House passes revised Boehner debt plan with 218-210 vote

House Republicans on Friday narrowly approved legislation authorizing a limited increase in the $14.3 trillion debt limit in exchange for more than $900 billion in spending cuts.

The 218-210 vote occurred nearly a full day after it was originally scheduled as Speaker John Boehner (R-Ohio) agreed to revise the legislation to win enough conservative support to carry the House.

Twenty-two Republicans voted against the bill, which got no Democratic votes.

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The entire Republican delegation from South Carolina opposed the bill, but waited until the very end of the roll call when passage was assured.

Rep. Tom Latham (R-Iowa), Boehner's best friend in the House, was the very last vote. He voted "no," as the gavel came down to end the 15-minute vote.

The Republican Budget Control Act faces met a quick demise in the Senate, where Majority Leader Harry Reid (D-Nev.) has declared it dead on arrival. The Senate voted 59 to 41 on a motion to table the resolution.

The White House has said President Obama would veto the measure if it ever reached his desk.

Rep. Debbie Wasserman Schultz (Fla.), the Democratic National Committee chair, said that the vote was "irresponsible" and "an utter waste of time."

She said that "someone needs to remind them that the Constitution itself was a compromise."

The White House dismissed the vote as "another political exercise" and urged lawmakers to forge a compromise based on Senate Majority Leader Harry Reid's plan.

"The bill passed today in the House with exclusively Republican votes would have us face another debt ceiling crisis in just a few months by demanding the Constitution be amended or America defaults," press secretary Jay Carney said in a statement. "Now that yet another political exercise is behind us, with time dwindling, leaders need to start working together immediately to reach a compromise that avoids default and lays the basis for balanced deficit reduction."


The House bill's passage escalates pressure on the Senate to take action to raise the debt limit by Treasury's Aug. 2 deadline to avert an unprecedented U.S. default.

By the time the legislation came to a vote, the result was no longer in doubt, but its passage capped days of frenzied scrambling by Republican leaders. Conservatives balked at the level of spending cuts in the original legislation, forcing Boehner to condition a second increase in the debt ceiling on congressional passage of a balanced-budget amendment to the Constitution.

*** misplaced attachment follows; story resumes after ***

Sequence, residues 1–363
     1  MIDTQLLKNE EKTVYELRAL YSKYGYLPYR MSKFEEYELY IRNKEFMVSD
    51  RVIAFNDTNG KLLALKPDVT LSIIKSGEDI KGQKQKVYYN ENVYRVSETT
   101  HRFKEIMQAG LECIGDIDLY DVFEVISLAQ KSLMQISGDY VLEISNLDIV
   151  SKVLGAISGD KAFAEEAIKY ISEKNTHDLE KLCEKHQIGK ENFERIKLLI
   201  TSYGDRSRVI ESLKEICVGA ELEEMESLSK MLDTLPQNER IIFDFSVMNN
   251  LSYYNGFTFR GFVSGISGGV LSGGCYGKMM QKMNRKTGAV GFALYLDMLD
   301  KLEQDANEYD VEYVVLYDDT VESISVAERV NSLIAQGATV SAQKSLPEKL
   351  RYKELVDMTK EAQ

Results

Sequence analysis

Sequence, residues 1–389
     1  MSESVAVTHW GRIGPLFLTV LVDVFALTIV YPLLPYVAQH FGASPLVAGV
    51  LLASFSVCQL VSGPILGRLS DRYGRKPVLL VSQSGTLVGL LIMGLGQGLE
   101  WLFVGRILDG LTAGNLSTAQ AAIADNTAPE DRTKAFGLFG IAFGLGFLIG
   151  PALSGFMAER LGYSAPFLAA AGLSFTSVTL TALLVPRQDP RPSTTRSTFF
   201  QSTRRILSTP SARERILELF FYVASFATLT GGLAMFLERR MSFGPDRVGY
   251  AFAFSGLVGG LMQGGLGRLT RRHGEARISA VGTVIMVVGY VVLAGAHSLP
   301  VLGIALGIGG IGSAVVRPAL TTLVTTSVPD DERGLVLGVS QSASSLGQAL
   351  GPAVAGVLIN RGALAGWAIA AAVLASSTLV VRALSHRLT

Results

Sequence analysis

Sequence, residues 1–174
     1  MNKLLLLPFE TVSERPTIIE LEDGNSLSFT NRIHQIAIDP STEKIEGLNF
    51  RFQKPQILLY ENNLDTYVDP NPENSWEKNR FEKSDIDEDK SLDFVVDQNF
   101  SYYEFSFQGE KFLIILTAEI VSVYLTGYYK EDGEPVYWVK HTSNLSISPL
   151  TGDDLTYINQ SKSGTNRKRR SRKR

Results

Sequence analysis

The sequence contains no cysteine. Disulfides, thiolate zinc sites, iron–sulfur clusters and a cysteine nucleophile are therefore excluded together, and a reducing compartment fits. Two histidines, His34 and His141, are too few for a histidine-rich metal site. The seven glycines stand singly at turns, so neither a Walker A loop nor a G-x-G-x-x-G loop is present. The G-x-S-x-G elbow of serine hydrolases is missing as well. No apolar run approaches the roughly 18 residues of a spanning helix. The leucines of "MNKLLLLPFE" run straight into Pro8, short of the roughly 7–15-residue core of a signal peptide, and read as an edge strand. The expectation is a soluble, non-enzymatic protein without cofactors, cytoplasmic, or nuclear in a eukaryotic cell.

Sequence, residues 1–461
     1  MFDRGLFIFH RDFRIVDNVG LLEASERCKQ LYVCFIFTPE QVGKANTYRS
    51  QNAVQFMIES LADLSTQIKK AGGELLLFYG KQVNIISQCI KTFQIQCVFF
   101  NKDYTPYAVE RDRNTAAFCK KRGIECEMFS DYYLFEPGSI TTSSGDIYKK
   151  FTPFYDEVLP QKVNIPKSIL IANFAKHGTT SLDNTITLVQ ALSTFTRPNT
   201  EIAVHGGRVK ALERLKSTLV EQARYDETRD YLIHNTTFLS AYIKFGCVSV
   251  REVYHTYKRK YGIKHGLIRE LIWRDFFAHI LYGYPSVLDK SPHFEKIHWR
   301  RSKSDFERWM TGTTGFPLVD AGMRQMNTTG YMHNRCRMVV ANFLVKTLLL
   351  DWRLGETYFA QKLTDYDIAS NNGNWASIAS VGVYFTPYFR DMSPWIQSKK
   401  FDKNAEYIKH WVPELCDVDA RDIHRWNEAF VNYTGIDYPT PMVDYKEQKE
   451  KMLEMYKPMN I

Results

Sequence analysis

A grinning Rep. Kevin McCarthy (R-Calif.), the majority whip, said, "It always feels great to get a vote done. It wasn't one vote different than I thought."

Lawmakers emerged from a morning conference meeting saying the change in the bill won between 10 and 20 additional Republican votes, putting it just over the 216 needed for passage.

In an impassioned floor speech shortly before the vote, Boehner said he had made every effort to reach an agreement with the White House and castigated both the Democrat-controlled Senate and the president for refusing to put forward their own detailed plan.

“To the American people, I’d say: We tried our level best,” Boehner said. “We’ve tried to do the right thing by our country, but some people continue to say no.”

His voice rising, the Speaker recounted his effort to forge a grand bargain with Obama to reduce the deficit and overhaul entitlements and the tax code.

“I stuck my neck out a mile to try to get an agreement with the president of the United States,” Boehner said, as Democrats in the chamber jeered. “I stuck my neck out a mile.”

With Republicans cheering, he demanded of the White House: “Put something on the table. Tell us where you are!”

Boehner concluded by urging members of both parties to support the bill “for the sake of the economy” and to “end this crisis now.”

For Boehner, the bill’s passage was a face-saving move after an embarrassing delay. He held no press conference after the vote, seeing the legislation as no cause for celebration.